The Rust compiler has been supporting Android for a long time now. However when you ask rustc to compile for Android, what it produces is an executable that you can only run through debugging tools. When we talk about developing for Android, what we usually want is an apk or Android package. An apk is a file that contains the Android application in addition to various resource files and that can be installed then run by an average user.
To automate building an apk, you may have heard of the
android-rs-glue repository, which Servo uses. Through a weird trick, it would capture the arguments that rustc passed to the linker and instead manually invoke the linker itself, then setup a build directory and run the normal Android package building process.
One of the difficult part of setting up an Android environment was compiling Rust for Android. This would require some steps are not necessarily easy for everyone. But now that the Rustup utility appeared, you can obtain an Android-compatible with just
rustup target add arm-linux-androideabi. Now only the only difficult part left was setting up android-rs-glue.
A few days ago, I started reworking the content of
android-rs-glue to make it much easier to use. The initial part of the rework has just landed.
Now, all you need to do is to compile for Android is:
- Download the Android SDK and NDK, unzip them somewhere, and export the
ANDROID_HOME environment variables to point to their content.
- Obtain an Android-compatible rustc. If you installed rustup, this is done with
rustup target add arm-linux-androideabi.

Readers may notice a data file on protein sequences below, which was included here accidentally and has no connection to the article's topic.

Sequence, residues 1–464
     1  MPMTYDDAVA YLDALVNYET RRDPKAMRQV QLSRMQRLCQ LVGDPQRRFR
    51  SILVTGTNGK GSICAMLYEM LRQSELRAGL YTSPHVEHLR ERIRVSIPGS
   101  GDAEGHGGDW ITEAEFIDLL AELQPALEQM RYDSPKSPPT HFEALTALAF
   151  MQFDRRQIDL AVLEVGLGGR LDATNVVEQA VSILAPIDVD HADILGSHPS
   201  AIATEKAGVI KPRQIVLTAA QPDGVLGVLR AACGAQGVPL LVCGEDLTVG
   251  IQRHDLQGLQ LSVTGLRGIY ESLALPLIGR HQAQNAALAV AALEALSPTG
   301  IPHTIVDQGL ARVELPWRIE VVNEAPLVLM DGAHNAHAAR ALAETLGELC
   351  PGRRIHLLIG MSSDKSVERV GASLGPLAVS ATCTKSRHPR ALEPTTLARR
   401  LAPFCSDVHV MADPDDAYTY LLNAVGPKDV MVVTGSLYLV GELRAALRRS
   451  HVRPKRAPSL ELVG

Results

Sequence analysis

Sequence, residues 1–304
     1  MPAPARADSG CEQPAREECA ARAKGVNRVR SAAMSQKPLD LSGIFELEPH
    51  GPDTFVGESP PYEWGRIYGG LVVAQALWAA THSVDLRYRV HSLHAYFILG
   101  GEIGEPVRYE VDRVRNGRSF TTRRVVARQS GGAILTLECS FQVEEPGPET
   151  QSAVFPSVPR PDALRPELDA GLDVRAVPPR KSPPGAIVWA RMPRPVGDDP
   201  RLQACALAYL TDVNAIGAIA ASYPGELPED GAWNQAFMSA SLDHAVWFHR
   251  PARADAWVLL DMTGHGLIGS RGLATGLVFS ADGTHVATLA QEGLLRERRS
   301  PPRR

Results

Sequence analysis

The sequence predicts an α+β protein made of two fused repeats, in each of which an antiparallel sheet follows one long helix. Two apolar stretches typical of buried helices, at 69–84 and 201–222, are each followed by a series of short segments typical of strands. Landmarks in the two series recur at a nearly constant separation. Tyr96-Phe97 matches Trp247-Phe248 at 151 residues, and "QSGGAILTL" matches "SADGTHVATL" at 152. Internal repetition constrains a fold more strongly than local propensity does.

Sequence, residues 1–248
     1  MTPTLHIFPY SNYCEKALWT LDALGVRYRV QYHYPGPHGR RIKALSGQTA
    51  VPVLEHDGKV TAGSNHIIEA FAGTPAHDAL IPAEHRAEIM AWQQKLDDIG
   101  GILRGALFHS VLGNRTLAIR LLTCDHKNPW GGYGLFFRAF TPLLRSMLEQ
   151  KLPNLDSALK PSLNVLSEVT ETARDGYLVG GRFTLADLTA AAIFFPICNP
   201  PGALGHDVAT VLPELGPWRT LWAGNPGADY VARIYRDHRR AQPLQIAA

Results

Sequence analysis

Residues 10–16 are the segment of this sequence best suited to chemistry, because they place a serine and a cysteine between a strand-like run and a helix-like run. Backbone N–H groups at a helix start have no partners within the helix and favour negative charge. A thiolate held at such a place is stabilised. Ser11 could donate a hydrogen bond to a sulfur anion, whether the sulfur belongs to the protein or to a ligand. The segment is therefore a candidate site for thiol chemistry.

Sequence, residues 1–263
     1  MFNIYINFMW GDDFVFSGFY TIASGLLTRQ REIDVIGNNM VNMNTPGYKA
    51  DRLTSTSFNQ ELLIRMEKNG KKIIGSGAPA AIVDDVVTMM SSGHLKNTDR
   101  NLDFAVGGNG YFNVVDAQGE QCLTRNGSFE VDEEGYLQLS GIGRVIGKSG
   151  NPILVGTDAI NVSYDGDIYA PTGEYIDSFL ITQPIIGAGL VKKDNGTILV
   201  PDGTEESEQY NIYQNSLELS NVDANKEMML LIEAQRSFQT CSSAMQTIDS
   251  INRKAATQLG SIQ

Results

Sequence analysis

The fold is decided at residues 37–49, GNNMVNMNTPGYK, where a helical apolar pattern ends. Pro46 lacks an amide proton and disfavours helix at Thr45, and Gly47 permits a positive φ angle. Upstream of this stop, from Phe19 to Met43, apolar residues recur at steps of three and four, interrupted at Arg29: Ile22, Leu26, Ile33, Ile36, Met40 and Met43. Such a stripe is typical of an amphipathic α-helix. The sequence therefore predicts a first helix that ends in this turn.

cargo install cargo-apk.
In the future this may be even more simplified by the fact that
rustup could automatically distribute the NDK.
Now go to your project's path and run
cargo apk install. Provided that all the libraries you use support Android, you won't need to make any modification to your source code.
This should build your crate just like any other crate, except that the final output is an Android package that runs the
main function of your program at startup. Once this is done, it automatically runs
adb install -r <path to apk> to install the app on your device so you can test it. If you don't want to install the package, just run
If you run
cargo apk on a hello world program, starting the application will write
hello world to the logs and show a black screen. This is obviously not very useful.
In order to interface with the Android environment, you will need to use the
android_glue crate. This crate provides the functions required to capture user input and draw to the window through OpenGL or Vulkan.
It is important to note, however, that no function will allow you to get a native Android UI. This build system and this library are meant for applications that handle everything themselves, like video games. If you want a regular app you should write in Java.
Customizing the apk
In order to customize the apk, you can put additional elements in your Cargo.toml, like the basic example shows. Only a few values exist yet. This remains to be documented.
A few notes
- Contributors are welcome! Your contributions is even more valuable if you are familiar with Android apps development in general. Even if you are afraid of the technical complexity there are a lot of areas where work is needed, like being able to costumize the app's icon, or handling non-debug builds.
- Apps that use glutin should work out of the box, as glutin supports
android_glue. EDIT: glutin hasn't been updated yet, so if you try now you will get the old version of android_glue and likely a panic.
- For the moment
cargo-apk only runs on Linux 64bits because of this precise line of code. PRs welcome!
- Cargo-apk supports Android packages that provide multiple binaries for multiple platforms. Unfortunately this isn't customizable yet and it defaults to just